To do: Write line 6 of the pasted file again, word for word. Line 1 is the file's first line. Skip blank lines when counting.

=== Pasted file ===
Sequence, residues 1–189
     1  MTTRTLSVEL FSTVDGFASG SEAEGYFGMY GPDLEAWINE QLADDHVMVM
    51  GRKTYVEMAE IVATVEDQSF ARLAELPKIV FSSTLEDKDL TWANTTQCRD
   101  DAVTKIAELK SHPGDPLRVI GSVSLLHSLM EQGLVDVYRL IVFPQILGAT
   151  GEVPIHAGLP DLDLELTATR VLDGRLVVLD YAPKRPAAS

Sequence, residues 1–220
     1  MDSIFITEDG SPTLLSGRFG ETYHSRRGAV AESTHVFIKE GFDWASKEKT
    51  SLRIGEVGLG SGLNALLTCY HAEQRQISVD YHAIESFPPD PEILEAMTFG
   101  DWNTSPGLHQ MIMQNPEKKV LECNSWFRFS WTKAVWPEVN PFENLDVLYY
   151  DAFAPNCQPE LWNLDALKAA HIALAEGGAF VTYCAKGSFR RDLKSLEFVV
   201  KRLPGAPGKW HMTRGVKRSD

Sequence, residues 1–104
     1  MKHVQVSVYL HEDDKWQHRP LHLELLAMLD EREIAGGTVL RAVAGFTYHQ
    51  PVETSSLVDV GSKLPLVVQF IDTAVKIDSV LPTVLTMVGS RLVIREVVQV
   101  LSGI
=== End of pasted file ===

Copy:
Sequence, residues 1–220